Former tennis champion Boris Becker has been released from prison after serving eight months of his sentence and now faces deportation from the UK.
Becker, 55, a six-time Grand Slam champion, was convicted of transferring hundreds of thousands of pounds from his business account after bankruptcy.
The triple Wimbledon champion was sentenced to two and a half years in jail in April after a London court found he had concealed £2.5 million ($3.08 million) of assets and loans to avoid paying his debts.
His mother Elvira, 87, said her son's release was "the best Christmas present I could hope for".
"I cannot wait to hold my beloved son in my arms," she said.
Newspaper reports suggested he would stay with friends in Frankfurt.
Before the sentencing Becker said he had hit rock bottom.
"I don't know what to make of it," he said. "I will face it. I'm not going to hide or run away. I will accept whatever sentence I'm going to get.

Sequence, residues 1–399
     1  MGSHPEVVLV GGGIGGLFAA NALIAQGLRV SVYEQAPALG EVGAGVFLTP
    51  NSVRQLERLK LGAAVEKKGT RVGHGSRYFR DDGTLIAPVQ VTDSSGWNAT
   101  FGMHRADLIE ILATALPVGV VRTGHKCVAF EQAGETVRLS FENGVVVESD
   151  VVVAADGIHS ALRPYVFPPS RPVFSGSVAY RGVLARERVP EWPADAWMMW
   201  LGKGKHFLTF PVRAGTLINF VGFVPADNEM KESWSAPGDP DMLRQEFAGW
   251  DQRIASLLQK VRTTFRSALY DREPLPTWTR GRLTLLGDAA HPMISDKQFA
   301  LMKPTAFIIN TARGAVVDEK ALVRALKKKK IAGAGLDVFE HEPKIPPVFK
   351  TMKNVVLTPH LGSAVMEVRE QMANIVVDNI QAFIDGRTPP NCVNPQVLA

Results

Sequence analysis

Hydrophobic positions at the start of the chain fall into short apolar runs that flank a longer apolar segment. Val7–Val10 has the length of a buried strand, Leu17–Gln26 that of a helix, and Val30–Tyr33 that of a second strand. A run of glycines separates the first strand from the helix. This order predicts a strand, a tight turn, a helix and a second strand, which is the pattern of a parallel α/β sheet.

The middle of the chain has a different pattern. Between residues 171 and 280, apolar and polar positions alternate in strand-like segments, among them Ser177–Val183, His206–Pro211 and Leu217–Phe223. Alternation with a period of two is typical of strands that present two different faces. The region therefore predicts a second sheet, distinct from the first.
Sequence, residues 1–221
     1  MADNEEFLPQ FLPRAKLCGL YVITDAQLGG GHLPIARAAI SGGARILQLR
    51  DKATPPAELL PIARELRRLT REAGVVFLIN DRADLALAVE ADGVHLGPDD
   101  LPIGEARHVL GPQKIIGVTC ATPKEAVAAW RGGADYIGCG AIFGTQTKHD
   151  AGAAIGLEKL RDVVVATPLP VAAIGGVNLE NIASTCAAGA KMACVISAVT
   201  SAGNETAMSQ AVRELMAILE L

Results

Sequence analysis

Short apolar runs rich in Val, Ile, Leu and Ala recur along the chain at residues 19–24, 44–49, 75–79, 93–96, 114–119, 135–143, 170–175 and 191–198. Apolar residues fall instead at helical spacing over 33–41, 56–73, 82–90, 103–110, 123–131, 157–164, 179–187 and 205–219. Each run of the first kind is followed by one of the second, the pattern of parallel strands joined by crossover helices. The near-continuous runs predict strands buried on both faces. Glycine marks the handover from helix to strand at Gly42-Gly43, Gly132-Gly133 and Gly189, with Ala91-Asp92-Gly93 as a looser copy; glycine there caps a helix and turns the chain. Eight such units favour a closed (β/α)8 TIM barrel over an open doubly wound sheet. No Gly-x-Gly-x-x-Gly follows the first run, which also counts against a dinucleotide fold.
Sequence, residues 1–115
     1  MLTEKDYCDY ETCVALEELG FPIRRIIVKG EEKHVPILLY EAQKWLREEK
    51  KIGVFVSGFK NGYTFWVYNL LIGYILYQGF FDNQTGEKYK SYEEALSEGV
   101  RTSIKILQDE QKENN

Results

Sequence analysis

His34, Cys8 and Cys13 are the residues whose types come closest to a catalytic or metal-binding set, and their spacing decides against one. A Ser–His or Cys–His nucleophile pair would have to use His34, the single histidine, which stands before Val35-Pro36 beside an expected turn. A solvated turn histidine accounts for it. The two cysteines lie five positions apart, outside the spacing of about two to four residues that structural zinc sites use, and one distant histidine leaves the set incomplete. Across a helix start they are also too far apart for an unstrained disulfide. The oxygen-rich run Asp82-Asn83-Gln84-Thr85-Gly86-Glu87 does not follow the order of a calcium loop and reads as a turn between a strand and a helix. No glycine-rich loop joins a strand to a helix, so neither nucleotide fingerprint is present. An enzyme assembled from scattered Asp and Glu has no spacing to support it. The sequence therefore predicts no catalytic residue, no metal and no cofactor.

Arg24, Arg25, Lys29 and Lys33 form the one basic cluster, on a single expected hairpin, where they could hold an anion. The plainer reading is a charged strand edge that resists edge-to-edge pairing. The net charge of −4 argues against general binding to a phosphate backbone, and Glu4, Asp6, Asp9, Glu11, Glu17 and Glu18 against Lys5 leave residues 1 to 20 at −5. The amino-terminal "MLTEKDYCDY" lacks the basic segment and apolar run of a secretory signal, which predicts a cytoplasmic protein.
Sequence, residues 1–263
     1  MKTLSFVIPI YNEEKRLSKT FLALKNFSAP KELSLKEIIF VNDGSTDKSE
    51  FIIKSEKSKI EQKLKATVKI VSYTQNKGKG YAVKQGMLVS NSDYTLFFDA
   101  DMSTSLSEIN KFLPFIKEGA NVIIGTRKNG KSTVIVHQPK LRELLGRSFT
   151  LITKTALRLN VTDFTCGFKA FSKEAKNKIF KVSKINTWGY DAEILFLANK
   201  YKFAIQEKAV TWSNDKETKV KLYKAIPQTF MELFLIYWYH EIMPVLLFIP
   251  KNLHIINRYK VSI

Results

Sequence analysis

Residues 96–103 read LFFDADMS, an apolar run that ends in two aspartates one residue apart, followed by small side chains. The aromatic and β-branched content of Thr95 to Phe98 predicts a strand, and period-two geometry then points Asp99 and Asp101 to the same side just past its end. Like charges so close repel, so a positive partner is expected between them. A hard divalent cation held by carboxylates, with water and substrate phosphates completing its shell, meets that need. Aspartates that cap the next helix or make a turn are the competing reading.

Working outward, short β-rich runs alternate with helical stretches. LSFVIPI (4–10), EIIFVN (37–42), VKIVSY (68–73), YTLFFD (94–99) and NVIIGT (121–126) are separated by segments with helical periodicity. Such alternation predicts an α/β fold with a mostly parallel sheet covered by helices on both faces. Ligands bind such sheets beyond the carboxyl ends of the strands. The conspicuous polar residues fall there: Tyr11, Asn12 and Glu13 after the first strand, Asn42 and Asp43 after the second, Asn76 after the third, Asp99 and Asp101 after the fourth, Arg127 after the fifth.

He was declared bankrupt on June 21, 2017 — owing creditors almost £50m — over an unpaid loan of more than £3m on his estate in Majorca.
The German, who has lived in the UK since 2012, was expected to serve half of his sentence behind bars but was released on Thursday morning.
He is due on a flight to be deported, the PA news agency reported.
He is thought to have been transferred to a lower security jail for foreign criminals awaiting deportation in May — the category C Huntercombe Prison near Henley-on-Thames in Oxfordshire.
He was previously reportedly being held at the Category B Wandsworth Prison in south-west London.
The former tennis star qualified for automatic deportation because he is a foreign citizen who does not have British citizenship and received a custodial sentence of more than 12 months.
"Any foreign national who is convicted of a crime and given a prison sentence is considered for deportation at the earliest opportunity," a Home Office representative said.
Becker rose to stardom in 1985 aged only 17 when he became the first unseeded player to win the Wimbledon men's singles title.